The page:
The damage is showing in beets that were harvested and piled before the devastating Oct. 9 freeze, Reed said. Rim damage refers to beets on the outside of piles that froze as hard as beets in the field, then have since thawed and frozen again as the …
Deteriorating piled beets rushed from receiving stations to factoryWestern Sugar Cooperative officials have again halted growers from digging beets in the Lovell district while they try to process beets that are deteriorating in piles at receiving stations.Glen Reed, a Cody area beet grower and president of the Big Horn Basin Sugar Beet Growers Association, said co-op officials announced in a telephone conference call Monday afternoon that beet piles are showing hot spots and rim damage and “they have to process some of that.”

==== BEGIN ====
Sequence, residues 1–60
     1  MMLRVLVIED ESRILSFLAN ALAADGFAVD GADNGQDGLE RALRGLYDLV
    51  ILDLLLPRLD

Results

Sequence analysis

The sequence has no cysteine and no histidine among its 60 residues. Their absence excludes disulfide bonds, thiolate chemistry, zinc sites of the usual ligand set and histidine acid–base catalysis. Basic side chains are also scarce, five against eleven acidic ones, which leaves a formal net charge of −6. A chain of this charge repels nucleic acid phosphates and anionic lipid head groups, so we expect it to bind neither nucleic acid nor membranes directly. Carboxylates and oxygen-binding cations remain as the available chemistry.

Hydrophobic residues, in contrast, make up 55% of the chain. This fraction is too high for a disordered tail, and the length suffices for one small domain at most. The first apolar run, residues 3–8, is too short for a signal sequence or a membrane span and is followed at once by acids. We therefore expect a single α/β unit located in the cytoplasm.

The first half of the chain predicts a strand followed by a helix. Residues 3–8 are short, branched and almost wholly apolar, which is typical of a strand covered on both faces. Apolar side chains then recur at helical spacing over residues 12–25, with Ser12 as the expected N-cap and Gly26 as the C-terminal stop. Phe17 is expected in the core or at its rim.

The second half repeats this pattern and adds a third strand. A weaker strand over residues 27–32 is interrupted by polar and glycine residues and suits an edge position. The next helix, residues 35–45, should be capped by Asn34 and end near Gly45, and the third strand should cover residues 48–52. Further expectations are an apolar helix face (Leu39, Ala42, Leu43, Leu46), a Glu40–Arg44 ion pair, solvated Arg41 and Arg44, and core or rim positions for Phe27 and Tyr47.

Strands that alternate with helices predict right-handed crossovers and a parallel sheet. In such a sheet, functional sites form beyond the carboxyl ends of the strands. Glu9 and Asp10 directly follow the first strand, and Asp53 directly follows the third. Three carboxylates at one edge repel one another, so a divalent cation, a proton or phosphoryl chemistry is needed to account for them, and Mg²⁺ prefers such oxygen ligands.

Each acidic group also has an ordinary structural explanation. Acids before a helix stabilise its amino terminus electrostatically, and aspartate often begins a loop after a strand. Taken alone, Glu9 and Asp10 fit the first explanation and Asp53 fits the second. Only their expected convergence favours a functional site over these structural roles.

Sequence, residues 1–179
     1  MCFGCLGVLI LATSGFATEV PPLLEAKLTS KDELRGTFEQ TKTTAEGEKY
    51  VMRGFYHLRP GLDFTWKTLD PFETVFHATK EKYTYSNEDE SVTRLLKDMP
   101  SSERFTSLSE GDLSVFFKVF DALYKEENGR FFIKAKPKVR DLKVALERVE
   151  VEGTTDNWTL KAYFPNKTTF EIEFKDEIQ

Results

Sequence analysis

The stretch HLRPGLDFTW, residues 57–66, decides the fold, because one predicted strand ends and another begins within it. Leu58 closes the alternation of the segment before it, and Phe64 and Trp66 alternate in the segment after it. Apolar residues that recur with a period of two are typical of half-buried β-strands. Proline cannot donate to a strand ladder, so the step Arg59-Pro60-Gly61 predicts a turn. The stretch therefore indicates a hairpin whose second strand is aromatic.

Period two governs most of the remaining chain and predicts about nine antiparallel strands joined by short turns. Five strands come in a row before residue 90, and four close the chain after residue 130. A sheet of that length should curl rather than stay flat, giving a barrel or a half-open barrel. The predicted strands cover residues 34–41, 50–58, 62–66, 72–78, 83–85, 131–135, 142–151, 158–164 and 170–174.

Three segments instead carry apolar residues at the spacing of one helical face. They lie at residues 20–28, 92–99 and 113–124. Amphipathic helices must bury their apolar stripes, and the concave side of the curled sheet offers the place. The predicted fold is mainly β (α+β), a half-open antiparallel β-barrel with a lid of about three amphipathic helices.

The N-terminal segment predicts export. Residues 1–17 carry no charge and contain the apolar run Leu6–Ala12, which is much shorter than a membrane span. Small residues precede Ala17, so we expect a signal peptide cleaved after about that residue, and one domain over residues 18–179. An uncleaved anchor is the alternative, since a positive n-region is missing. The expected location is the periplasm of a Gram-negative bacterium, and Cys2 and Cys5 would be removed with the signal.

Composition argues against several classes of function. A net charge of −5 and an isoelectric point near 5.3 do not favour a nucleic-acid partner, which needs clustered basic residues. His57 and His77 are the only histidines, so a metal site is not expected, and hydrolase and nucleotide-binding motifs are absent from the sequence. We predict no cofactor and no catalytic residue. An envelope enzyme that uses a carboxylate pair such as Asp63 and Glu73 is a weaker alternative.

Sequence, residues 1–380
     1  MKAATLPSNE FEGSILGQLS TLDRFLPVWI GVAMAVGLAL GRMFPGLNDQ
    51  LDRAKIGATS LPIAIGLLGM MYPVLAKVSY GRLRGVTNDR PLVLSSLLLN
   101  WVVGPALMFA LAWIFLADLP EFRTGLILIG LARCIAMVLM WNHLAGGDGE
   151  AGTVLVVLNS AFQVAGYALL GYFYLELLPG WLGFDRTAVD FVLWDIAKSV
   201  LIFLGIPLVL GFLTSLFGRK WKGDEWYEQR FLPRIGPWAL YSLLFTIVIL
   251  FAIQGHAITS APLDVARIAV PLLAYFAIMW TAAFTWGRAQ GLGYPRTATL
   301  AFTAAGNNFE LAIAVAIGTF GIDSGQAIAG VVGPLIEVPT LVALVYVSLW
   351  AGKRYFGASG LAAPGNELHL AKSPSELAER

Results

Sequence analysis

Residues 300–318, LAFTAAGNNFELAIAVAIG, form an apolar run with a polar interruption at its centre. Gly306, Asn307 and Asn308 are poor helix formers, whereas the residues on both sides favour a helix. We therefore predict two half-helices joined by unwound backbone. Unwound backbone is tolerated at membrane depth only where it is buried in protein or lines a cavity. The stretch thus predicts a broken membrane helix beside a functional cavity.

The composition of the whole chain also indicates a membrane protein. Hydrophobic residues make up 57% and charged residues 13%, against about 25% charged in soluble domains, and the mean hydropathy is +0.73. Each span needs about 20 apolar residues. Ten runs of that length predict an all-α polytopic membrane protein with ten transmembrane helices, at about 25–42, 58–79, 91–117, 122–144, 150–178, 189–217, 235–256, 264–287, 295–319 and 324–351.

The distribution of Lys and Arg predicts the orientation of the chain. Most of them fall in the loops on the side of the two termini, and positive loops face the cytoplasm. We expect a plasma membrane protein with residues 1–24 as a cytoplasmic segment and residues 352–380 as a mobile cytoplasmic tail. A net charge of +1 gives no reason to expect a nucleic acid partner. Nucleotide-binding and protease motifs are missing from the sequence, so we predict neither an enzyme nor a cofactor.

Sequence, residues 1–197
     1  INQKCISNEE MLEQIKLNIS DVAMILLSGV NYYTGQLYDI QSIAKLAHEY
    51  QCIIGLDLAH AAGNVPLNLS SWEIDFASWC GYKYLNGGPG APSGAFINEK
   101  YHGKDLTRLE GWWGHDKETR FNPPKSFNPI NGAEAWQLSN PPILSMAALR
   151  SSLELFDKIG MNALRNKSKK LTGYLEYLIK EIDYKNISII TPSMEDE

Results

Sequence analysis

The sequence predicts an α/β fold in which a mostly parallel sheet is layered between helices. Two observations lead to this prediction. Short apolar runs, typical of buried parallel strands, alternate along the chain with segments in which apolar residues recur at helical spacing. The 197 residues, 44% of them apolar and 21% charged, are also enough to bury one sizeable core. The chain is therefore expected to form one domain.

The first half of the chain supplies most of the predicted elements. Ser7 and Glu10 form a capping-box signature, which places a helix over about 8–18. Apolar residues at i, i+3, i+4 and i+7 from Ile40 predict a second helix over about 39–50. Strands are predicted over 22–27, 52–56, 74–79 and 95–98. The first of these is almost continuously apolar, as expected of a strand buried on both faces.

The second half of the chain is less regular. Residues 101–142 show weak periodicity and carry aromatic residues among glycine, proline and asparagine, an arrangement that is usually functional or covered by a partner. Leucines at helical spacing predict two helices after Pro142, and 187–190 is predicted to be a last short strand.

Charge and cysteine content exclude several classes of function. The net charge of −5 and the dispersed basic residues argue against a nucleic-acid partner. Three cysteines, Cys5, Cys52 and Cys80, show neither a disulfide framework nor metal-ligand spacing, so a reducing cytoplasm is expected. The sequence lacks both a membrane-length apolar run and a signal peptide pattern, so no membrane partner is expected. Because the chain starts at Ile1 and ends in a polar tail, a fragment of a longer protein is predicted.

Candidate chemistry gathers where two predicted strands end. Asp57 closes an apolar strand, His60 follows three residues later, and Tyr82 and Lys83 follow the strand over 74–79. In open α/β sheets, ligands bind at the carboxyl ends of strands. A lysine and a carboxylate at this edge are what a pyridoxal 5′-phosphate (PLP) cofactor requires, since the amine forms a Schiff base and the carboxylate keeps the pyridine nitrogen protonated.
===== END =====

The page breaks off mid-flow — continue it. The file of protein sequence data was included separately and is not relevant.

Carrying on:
The damage is showing in beets that were harvested and piled before the devastating Oct. 9 freeze, Reed said. Rim damage refers to beets on the outside of piles that froze as hard as beets in the field, then have since thawed and frozen again as the weather fluctuates.
The dig will resume only if those piles can be stabilized and all the damaged beets processed, he said.
“The weather's been working against us as usual,” Reed said.
The ground freezes overnight, and it's not warm enough during the day to thaw it out before the next night. Weather forecasts call for much colder weather by the end of the week, he noted.
When the sugar beets on the outer edges or “rim” of a pile freeze, it can cause them to slough, which can restrict air flow to the rest of the pile. That can lead to the “hot spots” now being detected in piled beets, which are the priority deliveries to the Lovell factory now, Reed said.
Western Sugar growers have been struggling to bring in the sugar beet crop since an Oct. 9 frost damaged fields across the Big Horn Basin. Coop officials placed growers under an allotment, or quota, system that allowed them to dig 1.2 tons per contracted acre over each seven-day period, although the dig has been suspended several times. Reed said the quota system will continue until the harvest ends, “but no one's digging now.”